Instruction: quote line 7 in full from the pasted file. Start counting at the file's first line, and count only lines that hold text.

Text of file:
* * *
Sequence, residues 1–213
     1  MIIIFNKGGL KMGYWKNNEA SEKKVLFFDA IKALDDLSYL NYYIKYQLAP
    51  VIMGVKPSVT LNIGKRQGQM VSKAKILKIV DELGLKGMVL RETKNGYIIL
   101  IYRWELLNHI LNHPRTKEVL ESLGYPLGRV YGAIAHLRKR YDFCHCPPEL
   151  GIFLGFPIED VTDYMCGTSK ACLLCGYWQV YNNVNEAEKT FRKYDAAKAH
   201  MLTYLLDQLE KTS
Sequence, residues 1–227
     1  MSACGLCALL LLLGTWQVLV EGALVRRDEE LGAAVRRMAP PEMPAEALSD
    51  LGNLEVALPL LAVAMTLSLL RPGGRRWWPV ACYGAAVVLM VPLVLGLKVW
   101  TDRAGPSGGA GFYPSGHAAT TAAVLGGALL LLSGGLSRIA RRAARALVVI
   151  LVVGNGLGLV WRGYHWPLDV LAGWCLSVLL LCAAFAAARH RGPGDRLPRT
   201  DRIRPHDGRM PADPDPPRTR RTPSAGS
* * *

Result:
Sequence, residues 1–227